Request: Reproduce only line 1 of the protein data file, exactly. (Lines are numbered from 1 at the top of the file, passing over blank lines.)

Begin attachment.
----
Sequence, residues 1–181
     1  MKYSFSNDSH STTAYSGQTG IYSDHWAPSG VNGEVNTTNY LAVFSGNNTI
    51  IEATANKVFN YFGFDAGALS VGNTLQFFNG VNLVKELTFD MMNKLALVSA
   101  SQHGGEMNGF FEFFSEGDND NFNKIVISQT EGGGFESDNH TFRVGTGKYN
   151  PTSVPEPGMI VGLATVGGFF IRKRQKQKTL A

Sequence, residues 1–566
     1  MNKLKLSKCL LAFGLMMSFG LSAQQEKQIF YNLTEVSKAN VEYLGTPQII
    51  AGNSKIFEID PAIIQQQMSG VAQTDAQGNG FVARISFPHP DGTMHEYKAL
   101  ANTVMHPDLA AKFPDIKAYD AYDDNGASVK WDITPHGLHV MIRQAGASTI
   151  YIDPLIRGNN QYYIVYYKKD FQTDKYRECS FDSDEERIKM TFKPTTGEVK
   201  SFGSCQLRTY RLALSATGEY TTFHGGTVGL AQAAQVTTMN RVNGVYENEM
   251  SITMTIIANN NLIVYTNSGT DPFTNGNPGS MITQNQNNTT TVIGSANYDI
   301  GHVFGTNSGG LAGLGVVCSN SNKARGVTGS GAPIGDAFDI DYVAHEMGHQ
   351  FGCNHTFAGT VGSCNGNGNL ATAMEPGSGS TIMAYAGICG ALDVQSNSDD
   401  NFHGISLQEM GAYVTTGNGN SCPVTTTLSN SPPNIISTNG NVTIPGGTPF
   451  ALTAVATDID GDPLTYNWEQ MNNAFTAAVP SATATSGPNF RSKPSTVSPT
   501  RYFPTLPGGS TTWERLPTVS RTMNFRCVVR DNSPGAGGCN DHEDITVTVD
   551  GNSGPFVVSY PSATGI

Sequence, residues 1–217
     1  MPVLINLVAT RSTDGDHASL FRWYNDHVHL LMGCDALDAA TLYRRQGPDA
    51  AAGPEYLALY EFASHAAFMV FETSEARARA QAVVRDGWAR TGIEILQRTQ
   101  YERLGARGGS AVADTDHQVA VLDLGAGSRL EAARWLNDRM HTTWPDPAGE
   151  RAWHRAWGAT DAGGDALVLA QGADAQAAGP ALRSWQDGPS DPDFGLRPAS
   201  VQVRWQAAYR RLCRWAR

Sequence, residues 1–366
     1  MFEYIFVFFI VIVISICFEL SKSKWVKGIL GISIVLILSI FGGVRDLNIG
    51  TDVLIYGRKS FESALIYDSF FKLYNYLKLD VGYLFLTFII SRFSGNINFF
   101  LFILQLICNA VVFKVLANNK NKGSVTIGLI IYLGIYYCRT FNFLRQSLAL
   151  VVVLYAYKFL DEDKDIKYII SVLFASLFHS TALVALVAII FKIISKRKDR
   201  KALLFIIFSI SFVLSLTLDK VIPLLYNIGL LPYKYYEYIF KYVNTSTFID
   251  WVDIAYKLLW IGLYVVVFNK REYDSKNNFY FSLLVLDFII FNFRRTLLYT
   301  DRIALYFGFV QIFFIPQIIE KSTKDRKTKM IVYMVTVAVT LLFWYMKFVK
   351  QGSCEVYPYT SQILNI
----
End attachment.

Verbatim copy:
Sequence, residues 1–181